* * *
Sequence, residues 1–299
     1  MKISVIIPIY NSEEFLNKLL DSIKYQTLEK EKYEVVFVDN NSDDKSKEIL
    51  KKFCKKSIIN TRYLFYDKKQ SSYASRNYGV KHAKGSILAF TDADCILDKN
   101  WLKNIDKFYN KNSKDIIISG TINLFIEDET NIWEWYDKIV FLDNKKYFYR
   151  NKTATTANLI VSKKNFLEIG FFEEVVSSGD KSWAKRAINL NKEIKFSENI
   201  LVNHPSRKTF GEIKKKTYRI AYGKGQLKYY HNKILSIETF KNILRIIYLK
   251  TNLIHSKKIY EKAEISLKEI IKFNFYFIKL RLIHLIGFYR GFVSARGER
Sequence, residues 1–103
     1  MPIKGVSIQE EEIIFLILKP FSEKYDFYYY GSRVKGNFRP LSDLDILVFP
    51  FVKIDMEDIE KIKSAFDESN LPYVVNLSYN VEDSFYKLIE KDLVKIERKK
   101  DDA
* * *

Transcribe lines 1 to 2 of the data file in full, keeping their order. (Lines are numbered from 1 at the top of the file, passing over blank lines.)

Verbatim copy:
Sequence, residues 1–299
     1  MKISVIIPIY NSEEFLNKLL DSIKYQTLEK EKYEVVFVDN NSDDKSKEIL